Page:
Midterm elections leave a “red tsunami” in Florida

The Republican Party achieved an indisputable victory on Tuesday in the main positions at stake in the midterm elections in Florida, a state that is consolidating as a conservative stronghold with two years to go before the presidential elections.

“The people have delivered their verdict: freedom is here to stay,” said Florida Governor Ron DeSantis, who stressed that not only have the Republicans won, but they have “redefined the political map.”

DeSantis beat his Democratic opponent, Charlie Cristie, by more than 15 points and even won Miami-Dade County, which for 20 years had been considered a Democratic stronghold, bolstering his chances for the Republican nomination in 2024, in which he has shown signs of wanting to participate.

Senator Marco Rubio, backed by former President Donald Trump, also renewed his term by beating Democrat Val Demings handily.


“It’s not a red tide, it’s a red tsunami,” said Republican state legislator Tom Fabricio, one of those who celebrated DeSantis’ victory at the Tampa Convention Center (west Florida), the place chosen by the governor to meet with his followers.

Fabricio, a member of the lower house of Congress from Florida, told the media that if the midterm elections are a referendum on the policies of the Joseph Biden government, the results in Florida certify its “failure.”

Florida’s governor claimed in Tampa that “many” Americans have moved to Florida because “liberal-ruled cities and counties have seen imposed totalitarianism.”

“People come here because our policy works, we have historic results,” said the Republican, who was accompanied by his wife and three children.

Rubio, who chose a hotel near the Miami airport, his hometown, for his end-of-election party, said the US is “the greatest country in the world” and the Republicans “are not going to let it destroy”.

The senator spoke about immigration and assured that “no country can allow 6,000 people to enter through its borders every day.”

Florida Democratic Party Chairman Manny Diaz stressed in a statement that they are “proud of the hard campaigns” of Demings and Crist and said they look forward to “continuing to work with them to create a better future for all Floridians.”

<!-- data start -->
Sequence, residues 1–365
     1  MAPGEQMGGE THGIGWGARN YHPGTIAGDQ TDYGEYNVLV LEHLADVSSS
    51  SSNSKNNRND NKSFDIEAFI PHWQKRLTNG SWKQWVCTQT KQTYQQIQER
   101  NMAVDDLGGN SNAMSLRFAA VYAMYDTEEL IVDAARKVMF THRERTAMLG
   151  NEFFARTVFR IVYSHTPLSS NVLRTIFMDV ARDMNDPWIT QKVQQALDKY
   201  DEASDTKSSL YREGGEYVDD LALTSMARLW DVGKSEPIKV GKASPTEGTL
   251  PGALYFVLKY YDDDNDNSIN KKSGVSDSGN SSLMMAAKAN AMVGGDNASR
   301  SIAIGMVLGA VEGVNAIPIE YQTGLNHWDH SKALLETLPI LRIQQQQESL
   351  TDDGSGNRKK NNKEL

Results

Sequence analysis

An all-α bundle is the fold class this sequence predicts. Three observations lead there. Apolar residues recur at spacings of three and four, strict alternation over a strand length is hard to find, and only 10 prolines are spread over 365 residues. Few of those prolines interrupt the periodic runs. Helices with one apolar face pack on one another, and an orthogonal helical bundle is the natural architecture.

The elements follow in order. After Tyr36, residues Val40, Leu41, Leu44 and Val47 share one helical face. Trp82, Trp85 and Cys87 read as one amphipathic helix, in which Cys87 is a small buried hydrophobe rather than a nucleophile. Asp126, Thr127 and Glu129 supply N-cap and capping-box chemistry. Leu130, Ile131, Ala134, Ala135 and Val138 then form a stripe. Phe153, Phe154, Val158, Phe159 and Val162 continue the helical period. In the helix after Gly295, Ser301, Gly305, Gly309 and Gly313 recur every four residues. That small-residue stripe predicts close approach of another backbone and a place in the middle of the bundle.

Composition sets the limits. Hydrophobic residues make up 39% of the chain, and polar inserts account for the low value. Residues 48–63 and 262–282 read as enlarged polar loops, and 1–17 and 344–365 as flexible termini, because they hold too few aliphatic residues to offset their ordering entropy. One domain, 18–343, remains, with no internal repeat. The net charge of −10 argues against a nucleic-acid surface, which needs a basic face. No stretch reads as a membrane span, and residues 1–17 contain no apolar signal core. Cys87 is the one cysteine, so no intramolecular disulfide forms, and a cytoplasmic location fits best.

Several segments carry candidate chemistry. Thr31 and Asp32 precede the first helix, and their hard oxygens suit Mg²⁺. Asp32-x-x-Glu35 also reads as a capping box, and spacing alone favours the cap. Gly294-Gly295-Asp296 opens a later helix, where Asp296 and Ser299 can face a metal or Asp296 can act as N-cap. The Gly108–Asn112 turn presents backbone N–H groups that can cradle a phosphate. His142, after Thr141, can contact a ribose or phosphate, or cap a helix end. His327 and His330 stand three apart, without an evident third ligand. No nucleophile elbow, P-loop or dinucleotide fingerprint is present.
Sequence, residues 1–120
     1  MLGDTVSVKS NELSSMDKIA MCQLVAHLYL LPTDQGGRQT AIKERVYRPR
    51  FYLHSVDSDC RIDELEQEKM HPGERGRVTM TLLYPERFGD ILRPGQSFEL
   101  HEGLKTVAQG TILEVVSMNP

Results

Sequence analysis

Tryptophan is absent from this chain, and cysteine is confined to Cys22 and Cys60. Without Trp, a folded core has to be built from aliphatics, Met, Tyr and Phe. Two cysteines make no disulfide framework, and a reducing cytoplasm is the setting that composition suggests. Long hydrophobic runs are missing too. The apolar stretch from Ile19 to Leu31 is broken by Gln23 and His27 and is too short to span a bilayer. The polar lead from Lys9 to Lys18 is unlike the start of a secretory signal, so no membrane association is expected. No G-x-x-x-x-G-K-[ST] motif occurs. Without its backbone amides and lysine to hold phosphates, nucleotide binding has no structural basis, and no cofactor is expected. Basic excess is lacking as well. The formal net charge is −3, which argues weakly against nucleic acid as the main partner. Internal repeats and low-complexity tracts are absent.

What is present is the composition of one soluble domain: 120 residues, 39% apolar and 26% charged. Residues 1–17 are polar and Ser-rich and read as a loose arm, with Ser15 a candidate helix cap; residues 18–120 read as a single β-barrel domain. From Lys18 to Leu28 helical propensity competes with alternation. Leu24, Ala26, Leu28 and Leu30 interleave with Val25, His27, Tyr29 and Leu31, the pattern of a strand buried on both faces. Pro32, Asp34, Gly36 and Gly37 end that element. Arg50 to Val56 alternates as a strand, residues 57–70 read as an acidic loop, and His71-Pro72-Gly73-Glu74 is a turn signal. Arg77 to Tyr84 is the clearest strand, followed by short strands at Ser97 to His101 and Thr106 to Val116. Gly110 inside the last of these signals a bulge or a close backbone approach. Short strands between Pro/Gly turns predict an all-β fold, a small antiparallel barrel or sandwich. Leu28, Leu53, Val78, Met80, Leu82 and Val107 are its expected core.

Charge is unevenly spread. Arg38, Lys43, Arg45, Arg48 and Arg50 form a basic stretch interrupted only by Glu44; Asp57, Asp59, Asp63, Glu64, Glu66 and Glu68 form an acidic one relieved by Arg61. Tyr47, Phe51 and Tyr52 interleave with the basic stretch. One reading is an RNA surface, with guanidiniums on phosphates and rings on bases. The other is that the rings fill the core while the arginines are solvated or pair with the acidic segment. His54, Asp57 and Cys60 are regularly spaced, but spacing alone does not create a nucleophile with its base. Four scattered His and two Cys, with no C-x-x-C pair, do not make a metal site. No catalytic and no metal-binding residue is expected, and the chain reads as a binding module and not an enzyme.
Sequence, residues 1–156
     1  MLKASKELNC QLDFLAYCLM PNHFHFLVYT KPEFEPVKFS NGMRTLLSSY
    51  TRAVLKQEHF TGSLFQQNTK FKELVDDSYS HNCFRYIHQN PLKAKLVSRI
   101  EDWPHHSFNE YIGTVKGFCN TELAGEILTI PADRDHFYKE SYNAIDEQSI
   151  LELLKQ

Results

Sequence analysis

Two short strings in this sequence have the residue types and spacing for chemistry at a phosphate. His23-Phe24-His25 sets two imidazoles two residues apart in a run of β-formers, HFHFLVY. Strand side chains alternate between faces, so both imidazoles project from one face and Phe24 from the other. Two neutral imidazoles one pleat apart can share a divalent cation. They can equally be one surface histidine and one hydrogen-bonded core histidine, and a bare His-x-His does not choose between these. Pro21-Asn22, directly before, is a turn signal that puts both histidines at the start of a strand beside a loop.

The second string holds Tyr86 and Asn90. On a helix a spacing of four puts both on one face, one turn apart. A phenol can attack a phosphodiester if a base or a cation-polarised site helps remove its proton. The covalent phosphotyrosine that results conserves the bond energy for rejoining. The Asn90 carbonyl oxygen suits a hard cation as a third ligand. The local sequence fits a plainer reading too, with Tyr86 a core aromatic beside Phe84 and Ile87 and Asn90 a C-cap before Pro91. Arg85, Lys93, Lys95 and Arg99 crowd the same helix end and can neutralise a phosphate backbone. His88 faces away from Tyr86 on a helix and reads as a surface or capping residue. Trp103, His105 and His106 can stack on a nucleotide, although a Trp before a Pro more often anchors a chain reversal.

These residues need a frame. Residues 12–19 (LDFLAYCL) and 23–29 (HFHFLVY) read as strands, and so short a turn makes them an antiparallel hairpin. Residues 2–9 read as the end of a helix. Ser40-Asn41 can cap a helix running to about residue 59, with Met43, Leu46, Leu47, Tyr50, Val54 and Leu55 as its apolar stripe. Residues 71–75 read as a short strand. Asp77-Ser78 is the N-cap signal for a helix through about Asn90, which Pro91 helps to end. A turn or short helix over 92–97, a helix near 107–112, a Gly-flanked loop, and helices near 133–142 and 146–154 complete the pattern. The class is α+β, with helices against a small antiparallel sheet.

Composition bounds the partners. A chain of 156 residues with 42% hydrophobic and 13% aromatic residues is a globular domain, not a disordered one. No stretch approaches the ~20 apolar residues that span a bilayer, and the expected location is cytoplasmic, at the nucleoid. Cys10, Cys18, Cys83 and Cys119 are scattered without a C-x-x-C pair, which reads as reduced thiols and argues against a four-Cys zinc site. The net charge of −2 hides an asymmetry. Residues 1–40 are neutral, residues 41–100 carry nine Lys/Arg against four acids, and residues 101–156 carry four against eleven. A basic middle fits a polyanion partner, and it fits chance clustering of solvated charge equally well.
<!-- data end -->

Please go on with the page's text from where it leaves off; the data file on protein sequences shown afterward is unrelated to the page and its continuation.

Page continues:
In the last two presidential elections, in 2016 and 2020, Floridians voted overwhelmingly for Republican Donald Trump, after having opted for Barack Obama in 2012.

According to the provisional results of today’s midterm elections, the Republicans continue to be the winning option in Florida, a state that for years was characterized by not having a fixed voting pattern.

Election Day proceeded as normal with rough weather in eastern Florida due to Tropical Storm Nicole, which is expected to make landfall on Florida’s east coast Wednesday night or early Thursday as a hurricane.

The Republican journalist of Cuban origin María Elvira Salazar, who will retain her seat in the House of Representatives in Washington after defeating the Democrat of Colombian origin Annette Taddeo, said that voters have opted for candidates who give priority to the family economy.

He stressed that the results in Florida are a message from the people to President Joe Biden to tell him that they do not agree with the progress of the country and promised to be a voice in Congress for Cubans, Venezuelans and Nicaraguans who are under totalitarian regimes.

Mario Diaz-Balart, another Cuban-American congressman from South Florida, also retained his mandate.

It was not all defeats for the Democrats. Congresswoman Kathy Castor won re-election handily in Florida’s 14th District, which covers an area of ​​Florida’s west coast, by defeating Republican Janes Judge.

Former Democratic congresswoman from Florida Debbie Mucarsel-Powell, of Ecuadorian origin, expressed her opinion in a debate after election day that it is clear that Democratic voters did not go out to vote as in other elections.

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